Dems’ safe seats suddenly aren’t

(CCU Student) With eight days to go until Election 2010, there are many expert predictions that assert the GOP will pick up anywhere from forty to sixty seats in the House and five to ten seats in the Senate. While this indeed would be a definitive feat, there is an astonishing facet that has been under wraps in this election cycle. Republicans are running competitively in Solid Democrat seats, some of which have been held by Democrats for the past ten to twenty years. In most election cycles, winning in districts such as MA-4, TN-6, and OH-10 would be deemed unfathomable; just the mere thought of a Republican staying within 20% points would be a tall order in itself. But the political mantra of the GOP this midterm election has been ‘to attain the impossible’, and this attitude, shown by countless Republican candidates throughout the country who are looking to make history, has reflected positively in the polls leading up to this 2010 election battle.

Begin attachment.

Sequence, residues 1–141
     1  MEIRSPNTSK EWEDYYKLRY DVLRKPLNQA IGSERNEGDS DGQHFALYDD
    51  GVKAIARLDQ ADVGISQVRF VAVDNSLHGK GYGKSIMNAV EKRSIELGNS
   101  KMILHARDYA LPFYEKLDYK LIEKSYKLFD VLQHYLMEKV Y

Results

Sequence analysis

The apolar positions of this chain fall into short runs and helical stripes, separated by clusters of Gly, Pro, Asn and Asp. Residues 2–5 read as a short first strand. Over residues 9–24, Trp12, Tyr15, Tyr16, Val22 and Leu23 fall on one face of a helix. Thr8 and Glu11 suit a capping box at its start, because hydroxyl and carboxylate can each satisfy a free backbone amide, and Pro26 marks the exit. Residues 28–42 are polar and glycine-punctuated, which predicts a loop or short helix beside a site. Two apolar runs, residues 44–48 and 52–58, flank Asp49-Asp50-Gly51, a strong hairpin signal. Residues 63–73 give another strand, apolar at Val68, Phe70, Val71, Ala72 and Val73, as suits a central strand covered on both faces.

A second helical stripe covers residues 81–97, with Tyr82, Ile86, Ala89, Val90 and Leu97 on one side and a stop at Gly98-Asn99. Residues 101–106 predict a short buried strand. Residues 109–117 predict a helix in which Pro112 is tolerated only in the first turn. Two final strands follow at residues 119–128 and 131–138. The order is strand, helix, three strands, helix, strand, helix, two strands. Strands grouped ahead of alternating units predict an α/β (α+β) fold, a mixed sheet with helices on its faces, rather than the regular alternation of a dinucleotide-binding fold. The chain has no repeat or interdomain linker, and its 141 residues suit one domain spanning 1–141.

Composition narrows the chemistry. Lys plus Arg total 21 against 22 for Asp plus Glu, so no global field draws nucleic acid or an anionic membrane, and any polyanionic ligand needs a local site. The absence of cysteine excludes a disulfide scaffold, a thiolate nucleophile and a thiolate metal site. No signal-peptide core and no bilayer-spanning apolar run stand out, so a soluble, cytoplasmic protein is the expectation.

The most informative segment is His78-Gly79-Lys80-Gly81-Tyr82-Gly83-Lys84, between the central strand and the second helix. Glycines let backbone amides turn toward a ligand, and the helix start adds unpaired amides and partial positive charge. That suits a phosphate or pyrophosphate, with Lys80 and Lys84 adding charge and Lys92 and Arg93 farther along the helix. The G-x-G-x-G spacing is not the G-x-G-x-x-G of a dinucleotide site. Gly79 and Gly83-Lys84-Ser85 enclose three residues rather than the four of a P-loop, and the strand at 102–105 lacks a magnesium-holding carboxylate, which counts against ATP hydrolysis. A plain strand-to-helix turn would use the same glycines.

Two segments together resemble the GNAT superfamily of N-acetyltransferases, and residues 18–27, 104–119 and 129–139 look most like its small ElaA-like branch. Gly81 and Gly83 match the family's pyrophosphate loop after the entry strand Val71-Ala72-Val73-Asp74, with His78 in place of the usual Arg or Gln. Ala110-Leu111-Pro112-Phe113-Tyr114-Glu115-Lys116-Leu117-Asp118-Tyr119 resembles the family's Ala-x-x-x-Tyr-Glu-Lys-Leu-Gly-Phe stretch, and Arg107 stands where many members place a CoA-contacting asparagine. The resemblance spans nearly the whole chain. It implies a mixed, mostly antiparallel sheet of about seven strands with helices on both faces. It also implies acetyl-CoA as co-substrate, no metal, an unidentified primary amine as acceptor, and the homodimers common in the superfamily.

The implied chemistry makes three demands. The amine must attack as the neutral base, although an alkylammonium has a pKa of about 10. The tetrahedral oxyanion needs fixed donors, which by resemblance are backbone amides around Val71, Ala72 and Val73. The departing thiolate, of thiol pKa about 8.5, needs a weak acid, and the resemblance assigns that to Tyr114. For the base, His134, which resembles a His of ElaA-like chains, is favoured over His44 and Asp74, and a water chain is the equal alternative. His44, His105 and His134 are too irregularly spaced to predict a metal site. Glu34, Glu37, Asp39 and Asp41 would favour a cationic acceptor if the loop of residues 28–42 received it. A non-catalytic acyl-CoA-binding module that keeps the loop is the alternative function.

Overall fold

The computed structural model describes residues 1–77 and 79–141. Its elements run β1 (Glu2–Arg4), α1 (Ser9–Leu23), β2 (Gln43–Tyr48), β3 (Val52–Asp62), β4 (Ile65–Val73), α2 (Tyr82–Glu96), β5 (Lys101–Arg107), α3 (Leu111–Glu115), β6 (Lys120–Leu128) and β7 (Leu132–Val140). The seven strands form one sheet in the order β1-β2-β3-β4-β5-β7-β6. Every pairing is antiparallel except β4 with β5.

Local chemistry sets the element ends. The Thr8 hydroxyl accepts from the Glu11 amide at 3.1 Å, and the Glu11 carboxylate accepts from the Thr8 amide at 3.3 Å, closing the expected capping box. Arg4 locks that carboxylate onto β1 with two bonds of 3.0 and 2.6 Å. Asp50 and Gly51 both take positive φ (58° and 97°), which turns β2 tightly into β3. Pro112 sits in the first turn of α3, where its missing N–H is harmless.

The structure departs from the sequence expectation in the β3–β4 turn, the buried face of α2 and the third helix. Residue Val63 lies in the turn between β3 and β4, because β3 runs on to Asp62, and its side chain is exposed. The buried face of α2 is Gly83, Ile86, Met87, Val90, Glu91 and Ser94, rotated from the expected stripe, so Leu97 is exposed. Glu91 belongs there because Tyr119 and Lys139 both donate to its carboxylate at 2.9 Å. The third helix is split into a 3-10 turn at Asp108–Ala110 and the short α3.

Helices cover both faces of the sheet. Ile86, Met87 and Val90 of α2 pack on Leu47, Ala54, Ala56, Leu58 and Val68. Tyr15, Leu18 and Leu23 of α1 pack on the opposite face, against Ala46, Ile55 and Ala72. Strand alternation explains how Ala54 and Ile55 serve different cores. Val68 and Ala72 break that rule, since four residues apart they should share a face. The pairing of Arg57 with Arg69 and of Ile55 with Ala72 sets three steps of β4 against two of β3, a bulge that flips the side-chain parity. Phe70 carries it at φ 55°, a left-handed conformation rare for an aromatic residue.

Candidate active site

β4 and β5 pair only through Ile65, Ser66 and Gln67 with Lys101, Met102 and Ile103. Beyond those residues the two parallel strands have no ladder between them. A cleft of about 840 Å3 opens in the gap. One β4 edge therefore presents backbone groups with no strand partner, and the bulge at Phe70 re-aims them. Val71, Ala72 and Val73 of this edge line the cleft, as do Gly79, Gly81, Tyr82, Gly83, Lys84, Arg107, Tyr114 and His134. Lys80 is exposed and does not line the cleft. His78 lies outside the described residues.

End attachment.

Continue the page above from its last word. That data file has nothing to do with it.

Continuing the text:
So, is it the Democrat’s mishaps or a ‘Republican Wave’ that is bringing these out-of-reach seats into play? Well, I personally believe that it is an incorporation of both facets. When Representative Barney Frank (MA-4) states that: “The private sector got us into this mess. The government has to get us out of it,” Independents, Republicans, and Democrats alike in MA-4 have warrant to become apprehensive about the ideals sustained by their elected representative. Regardless of partisanship, I do not believe that these views reflected by Rep. Frank embody the ideology or values that mainstream Americans hold to. In (OH-10), Representative Dennis Kucinich (D) is in deep trouble against Republican Peter Corrigan through an unlikely series of events. But referring back to this idea of Democratic mishaps, maybe the event of this neck-and-neck polling stems from the reality that Rep. Kucinich has failed to pass a single piece of effective legislation in the past two years and instead has served as a rubber-stamp to President Obama’s extreme agenda entailing $2.5 trillion dollars of increased government spending. In addition, he has frolicked around in Washington, DC, introducing futile legislative proposals such as the establishment of a ‘Department of Peace’. Somehow, I have a hard time believing that these efforts resonate affirmatively in the minds of voters in an era in which we have seen the largest increase in the size of federal government.